Stiff-man syndrome: GABA, GAD, and mechanisms of disease

Beth Brianna Murinson

Research output: Contribution to journalReview articlepeer-review

2 Scopus citations


Stiff-man syndrome (SMS) is a rare disease of progressive muscle stiffness, most common in middle age, often associated with autoimmunity to glutamic acid decarboxylase (GAD) and responsive to treatment with GABA agonists. Diagnosis is established by clinical characteristics and confirmed by EMG or antibody testing. Anti-GAD antibodies are present in 60% of those with SMS and antiamphiphysin antibodies are found in fewer than 10%. The production of antibodies has an unclear relationship to the pathological processes of the disease. GABA receptors and GABA receptor mRNAs are found in high density in the spinal cord laminae and identify possible sites of dysfunction in SMS. At some spinal cord synapses, GABA co-localizes with glycine, a neurotransmitter implicated in hyperekplexia. Failure of spinal cord reflexes explains the symptoms of SMS, but electrophysiological studies have not yet identified a single locus of inhibitory failure. Immunomodulation may alter the disease course, but consistently effective treatments for SMS await development.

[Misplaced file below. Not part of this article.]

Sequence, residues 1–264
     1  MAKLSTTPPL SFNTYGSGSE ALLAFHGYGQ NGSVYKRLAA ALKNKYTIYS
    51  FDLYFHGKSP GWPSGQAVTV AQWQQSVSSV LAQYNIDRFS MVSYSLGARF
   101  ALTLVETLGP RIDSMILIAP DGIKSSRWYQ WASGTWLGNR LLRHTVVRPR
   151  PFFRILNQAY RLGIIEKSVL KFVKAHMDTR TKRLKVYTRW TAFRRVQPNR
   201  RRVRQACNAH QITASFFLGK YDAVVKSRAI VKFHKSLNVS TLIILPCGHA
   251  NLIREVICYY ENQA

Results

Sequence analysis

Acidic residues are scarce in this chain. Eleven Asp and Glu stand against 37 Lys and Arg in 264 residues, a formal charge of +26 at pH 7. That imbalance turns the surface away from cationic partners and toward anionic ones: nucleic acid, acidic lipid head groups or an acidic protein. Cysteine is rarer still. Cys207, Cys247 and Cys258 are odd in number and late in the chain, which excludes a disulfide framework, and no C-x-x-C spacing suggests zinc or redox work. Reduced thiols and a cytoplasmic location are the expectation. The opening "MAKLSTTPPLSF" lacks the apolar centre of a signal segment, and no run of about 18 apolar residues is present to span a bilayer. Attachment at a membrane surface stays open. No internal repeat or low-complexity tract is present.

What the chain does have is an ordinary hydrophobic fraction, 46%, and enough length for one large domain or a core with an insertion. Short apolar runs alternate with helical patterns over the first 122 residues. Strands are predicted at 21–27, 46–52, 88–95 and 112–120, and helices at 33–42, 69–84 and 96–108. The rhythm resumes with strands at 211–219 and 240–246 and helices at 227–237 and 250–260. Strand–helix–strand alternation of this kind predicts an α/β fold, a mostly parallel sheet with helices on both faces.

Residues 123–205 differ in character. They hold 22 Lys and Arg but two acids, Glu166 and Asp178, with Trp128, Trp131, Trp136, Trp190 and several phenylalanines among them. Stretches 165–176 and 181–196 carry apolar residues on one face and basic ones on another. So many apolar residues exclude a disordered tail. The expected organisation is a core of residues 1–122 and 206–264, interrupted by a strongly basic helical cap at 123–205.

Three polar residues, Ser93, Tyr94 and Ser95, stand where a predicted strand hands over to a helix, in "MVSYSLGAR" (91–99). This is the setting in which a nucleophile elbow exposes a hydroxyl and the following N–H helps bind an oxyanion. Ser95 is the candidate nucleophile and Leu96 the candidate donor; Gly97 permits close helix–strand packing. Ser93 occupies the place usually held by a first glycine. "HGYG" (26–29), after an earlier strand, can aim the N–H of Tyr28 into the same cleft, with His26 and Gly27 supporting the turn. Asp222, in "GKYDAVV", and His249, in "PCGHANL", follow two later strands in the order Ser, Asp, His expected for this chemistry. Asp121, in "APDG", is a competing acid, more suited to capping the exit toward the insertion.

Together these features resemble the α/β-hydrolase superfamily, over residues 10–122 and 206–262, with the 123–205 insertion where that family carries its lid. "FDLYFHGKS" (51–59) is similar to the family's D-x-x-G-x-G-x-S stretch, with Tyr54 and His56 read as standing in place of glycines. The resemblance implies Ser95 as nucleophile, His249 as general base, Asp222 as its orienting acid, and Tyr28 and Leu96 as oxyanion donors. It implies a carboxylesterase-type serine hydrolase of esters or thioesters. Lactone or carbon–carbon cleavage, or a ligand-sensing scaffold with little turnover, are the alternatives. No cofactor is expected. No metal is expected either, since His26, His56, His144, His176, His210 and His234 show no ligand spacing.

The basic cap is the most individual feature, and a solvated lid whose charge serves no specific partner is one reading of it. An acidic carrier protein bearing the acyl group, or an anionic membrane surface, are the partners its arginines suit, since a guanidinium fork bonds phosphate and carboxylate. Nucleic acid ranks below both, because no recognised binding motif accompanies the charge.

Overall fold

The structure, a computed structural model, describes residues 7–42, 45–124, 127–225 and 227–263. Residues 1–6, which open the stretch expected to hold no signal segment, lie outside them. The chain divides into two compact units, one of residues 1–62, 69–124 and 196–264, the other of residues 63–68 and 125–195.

Original languageEnglish (US)
Pages (from-to)147-150
Number of pages4
Issue number3
StatePublished - Jun 2000
Externally publishedYes


  • Anti-GAD
  • Autoimmunity
  • GABA
  • GAD
  • Glycine
  • Spinal cord
  • Stiff-man syndrome

ASJC Scopus subject areas

  • General Neuroscience
  • Clinical Neurology


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